Proposals for Bill intended to hold key bank management to account to go to Cabinet

Delays to introduction of law criticised as indication of Government’s priorities

Proposals for a long-planned law aimed at holding senior bankers to account for failings under their watch are to be brought to Cabinet next week, the Dáil has been told

Minister for Finance Paschal Donohoe said he intends for the Central Bank (Individual Accountability) Framework Bill to be published before the Dáil’s summer recess.

It comes after AIB and its EBS unit have been hit with a record €96.7 million Central Bank fine for their roles in the State’s tracker mortgage scandal.

Sinn Féin finance spokesman Pearse Doherty said in the Dáil said AIB and EBS “caused serious harm to customers and ruined many, many lives.

“To date they’ve been forced to pay back over €230 million to affected customers but the irony is that AIB and EBS will pass on these costs to their customers.”

Mr Doherty added: “The fact is that not one banker has been held to account to date in any of the banks in relation to the tracker mortgage scandal.”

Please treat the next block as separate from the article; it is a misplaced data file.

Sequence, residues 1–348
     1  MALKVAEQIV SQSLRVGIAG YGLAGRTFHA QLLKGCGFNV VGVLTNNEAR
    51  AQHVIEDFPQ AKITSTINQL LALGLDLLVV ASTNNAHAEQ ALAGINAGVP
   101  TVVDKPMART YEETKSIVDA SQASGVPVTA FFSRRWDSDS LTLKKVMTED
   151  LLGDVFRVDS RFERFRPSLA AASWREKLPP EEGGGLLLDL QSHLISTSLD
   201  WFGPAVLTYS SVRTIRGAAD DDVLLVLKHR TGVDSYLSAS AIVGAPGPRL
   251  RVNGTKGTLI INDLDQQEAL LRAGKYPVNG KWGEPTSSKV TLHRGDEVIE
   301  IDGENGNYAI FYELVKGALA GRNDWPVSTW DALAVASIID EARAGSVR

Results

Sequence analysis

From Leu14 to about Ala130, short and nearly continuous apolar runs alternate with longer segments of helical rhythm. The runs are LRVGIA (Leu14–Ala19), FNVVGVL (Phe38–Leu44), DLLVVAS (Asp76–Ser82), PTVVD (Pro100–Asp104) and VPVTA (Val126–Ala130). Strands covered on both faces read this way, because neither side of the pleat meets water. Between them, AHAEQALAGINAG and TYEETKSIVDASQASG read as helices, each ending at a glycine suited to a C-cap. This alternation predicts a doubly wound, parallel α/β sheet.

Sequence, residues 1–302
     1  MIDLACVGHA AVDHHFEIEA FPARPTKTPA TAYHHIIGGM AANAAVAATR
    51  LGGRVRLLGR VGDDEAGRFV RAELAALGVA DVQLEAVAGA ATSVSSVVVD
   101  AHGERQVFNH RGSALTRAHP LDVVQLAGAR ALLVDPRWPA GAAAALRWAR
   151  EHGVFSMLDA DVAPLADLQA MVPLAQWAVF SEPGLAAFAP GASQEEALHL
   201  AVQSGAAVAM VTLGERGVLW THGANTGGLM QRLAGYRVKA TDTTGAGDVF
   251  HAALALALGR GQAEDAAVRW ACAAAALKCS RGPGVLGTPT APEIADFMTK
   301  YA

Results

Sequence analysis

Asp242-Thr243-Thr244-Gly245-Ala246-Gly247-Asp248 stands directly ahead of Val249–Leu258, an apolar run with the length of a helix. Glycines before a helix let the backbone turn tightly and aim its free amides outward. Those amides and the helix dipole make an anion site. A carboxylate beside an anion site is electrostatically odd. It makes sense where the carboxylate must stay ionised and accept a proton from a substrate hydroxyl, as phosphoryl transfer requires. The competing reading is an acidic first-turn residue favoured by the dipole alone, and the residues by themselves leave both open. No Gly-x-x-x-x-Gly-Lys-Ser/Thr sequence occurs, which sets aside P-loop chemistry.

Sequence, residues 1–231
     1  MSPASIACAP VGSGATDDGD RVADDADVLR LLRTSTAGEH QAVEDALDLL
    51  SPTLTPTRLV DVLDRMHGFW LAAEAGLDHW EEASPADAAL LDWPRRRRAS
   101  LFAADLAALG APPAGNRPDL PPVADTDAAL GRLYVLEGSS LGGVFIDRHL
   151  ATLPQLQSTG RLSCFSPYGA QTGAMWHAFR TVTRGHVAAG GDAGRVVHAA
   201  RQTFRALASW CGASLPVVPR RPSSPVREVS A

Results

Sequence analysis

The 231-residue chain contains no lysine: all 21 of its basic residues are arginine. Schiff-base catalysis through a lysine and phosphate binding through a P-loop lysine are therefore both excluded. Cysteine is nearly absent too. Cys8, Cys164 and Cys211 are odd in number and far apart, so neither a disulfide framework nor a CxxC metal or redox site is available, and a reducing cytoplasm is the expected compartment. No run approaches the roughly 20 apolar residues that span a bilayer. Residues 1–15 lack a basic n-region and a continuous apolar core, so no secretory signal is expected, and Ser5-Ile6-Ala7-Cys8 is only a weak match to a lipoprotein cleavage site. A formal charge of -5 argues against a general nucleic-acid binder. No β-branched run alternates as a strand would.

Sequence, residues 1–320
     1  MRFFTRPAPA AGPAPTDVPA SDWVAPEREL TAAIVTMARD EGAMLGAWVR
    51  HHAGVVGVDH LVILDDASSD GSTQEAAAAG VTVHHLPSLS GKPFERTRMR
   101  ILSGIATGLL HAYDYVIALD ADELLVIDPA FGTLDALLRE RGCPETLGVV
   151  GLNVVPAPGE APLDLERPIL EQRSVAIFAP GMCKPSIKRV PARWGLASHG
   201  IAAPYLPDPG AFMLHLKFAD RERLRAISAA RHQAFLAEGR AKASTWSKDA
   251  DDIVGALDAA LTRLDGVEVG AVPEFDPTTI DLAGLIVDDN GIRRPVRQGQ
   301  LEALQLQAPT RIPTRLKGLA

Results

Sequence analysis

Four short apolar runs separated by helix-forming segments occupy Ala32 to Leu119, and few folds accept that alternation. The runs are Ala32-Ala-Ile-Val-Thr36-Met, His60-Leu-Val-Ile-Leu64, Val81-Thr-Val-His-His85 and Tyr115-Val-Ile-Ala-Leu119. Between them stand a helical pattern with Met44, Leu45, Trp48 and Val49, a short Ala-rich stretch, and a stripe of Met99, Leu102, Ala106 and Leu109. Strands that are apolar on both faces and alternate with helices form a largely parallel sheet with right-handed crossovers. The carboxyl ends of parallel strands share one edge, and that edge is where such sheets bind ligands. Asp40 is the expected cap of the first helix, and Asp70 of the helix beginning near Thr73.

He told the Dail that the Central Bank called for legislation four years ago that would hold senior bankers to account.

“Such legislation was introduced in Britain six years ago, in Australia five years ago.

“Four years later we still haven’t got the final Bill published by this Government that would hold senior bankers to account. That is unacceptable.

“It shows the lack of priority this Government.”

He asked when the legislation will be published and when it is likely to take effect.

Mr Donohoe said: “The scale of the fine that has been imposed by the Central Bank on these two banks shows the strength of our regulatory system and how seriously the unacceptable behaviour in relation to tracker mortgages is being taken by the Central Bank and is being taken by the State.”

He told the Dáil that the legislation has “taken some time to draft, did require pre-legislative scrutiny - as was correct - and did require much work from the Attorney General and from my Department”.

Mr Donohoe said he will be bringing the final proposals to Cabinet next week and the legislation will be published before the summer recess.

The heads of the Bill were published last July when it was expected it would take another 18 months for the new rules to be in place.